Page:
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John 12:20-36

20 Now there were some Greeks among those who went up to worship at the festival. 21 They came to Philip, who was from Bethsaida in Galilee, with a request. “Sir,” they said, “we would like to see Jesus.” 22 Philip went to tell Andrew; Andrew and Philip in turn told Jesus.

23 Jesus replied, “The hour has come for the Son of Man to be glorified.24 Very truly I tell you, unless a kernel of wheat falls to the ground and dies, it remains only a single seed. But if it dies, it produces many seeds. 25 Anyone who loves their life will lose it, while anyone who hates their life in this world will keep it for eternal life. 26 Whoever serves me must follow me; and where I am, my servant also will be.  My Father will honor the one who serves me.

27 “Now my soul is troubled, and what shall I say? ‘Father, save me from this hour’? No, it was for this very reason I came to this hour. 28 Father, glorify your name!”

Then a voice came from heaven, “I have glorified it, and will glorify it again.” 29 The crowd that was there and heard it said it had thundered; others said an angel had spoken to him.

30 Jesus said, “This voice was for your benefit, not mine. 31 Now is the time for judgment on this world; now the prince of this world will be driven out. 32 And I, when I am lifted up from the earth, will draw all people to myself.” 33 He said this to show the kind of death he was going to die.

34 The crowd spoke up, “We have heard from the Law that the Messiah will remain forever, so how can you say, ‘The Son of Man must be lifted up’? Who is this ‘Son of Man’?”

35 Then Jesus told them, “You are going to have the light just a little while longer. Walk while you have the light, before darkness overtakes you. Whoever walks in the dark does not know where they are going.  36 Believe in the light while you have the light, so that you may become children of light.” When he had finished speaking, Jesus left and hid himself from them.
(John 12:20-36 NIV)

After Jesus’ triumphal entry into Jerusalem, the other three Gospel accounts document Jesus’ second temple cleansing.  John, writing much later than the other three accounts, assumes the readers already know that story.  John takes a divergent path and records an important turning point in Jesus’ ministry – the Greeks’ request to meet Jesus.

John does not say if Jesus met with the Greeks or not.  John does record something much more important – another critical turning point in Jesus’ ministry.  Could the Pharisees’ hyperbole truly be a prophetic word (v. 19)?  With the Greeks asking to meet Jesus, could the whole world now be at Jesus’ doorstep, ready to hear Jesus’ Good News?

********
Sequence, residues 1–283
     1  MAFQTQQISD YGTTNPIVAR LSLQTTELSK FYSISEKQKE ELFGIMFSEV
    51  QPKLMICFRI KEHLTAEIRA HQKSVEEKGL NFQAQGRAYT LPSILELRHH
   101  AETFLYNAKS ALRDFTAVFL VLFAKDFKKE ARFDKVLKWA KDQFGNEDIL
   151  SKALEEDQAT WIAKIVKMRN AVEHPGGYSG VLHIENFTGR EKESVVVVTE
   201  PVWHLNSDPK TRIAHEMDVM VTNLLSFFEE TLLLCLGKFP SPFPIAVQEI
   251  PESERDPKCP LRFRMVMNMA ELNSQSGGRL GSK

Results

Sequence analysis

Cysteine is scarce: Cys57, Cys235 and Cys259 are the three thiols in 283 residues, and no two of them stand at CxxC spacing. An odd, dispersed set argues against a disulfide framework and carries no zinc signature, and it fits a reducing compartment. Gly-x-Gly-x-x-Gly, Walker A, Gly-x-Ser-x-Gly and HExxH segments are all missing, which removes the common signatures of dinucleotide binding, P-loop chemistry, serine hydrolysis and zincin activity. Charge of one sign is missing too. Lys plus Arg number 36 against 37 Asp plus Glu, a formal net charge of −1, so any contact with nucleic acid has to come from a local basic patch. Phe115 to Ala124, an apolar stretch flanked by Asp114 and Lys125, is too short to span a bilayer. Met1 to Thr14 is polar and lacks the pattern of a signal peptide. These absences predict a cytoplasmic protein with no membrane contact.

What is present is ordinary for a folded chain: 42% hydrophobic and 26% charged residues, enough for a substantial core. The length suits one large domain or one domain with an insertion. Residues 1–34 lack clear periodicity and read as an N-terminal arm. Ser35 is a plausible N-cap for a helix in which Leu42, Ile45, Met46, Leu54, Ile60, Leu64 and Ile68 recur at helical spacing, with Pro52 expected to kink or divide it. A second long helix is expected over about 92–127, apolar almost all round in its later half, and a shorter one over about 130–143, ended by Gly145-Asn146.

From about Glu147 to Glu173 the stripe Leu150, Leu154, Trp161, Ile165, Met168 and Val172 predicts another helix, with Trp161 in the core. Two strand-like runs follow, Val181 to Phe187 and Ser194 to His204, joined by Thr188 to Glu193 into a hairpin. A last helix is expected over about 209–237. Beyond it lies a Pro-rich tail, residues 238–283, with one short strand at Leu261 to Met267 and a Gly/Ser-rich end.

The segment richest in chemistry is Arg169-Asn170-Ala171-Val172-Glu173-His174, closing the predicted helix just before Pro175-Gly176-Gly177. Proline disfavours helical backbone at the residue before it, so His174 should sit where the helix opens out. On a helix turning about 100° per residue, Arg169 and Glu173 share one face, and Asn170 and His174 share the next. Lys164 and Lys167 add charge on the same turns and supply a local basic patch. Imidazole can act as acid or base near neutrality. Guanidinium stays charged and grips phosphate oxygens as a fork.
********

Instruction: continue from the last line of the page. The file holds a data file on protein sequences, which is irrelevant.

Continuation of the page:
Notice Jesus’ reply:  “The hour has come…”.  The request of the Greeks was Jesus’ sign that the end of His earthly presence was near.  Up to this point, John either records Jesus as saying that His hour had not yet come, or John adds commentary that Jesus’ time had not yet arrived.  That is no longer the case.  Jesus’ time is now.

In verses 24 – 27, Jesus expresses His struggle to go through this time.  He knows what is ahead of Him.  The fight between flesh and spirit has intensified.  Jesus chooses the spirit over the flesh by worshipping (v. 28).  God the Father responds audibly.  The crowds misunderstand and say it was thunder or an angel. In verse 30, Jesus tells those nearby that the voice was for their benefit (that they might believe He is Messiah), not His.

Verse 32 is often taken out of context and used as a reference to worship.  John, likely having been asked that very question, answers with verse 33.  Jesus used a common phrase in His day – “lifted up” meant crucifixion.

In verse 34, Jesus is once again misunderstood.  The crowds refer to Psalm 89:27-29, 35-37  but forget the other prophecies about Messiah’s death for their sins.  Jesus warns them to come to Him in faith while He is still on the earth, using the metaphor of His life as the light of the world (vv. 35-36).

So what is our faith lesson, our takeaway from today’s passage?  Verse 26 is key:  “Whoever serves me must follow me; and where I am, my servant also will be. My Father will honor the one who serves me.”  In this single verse, we see Jesus’ call for our commitment to Him regardless of the cost, and His promise to accept us as we follow Him.

May we give nothing less than our all, and by faith, lay hold of God’s promise of life in everlasting community with Him as our reward.

Blessings,
~kevin

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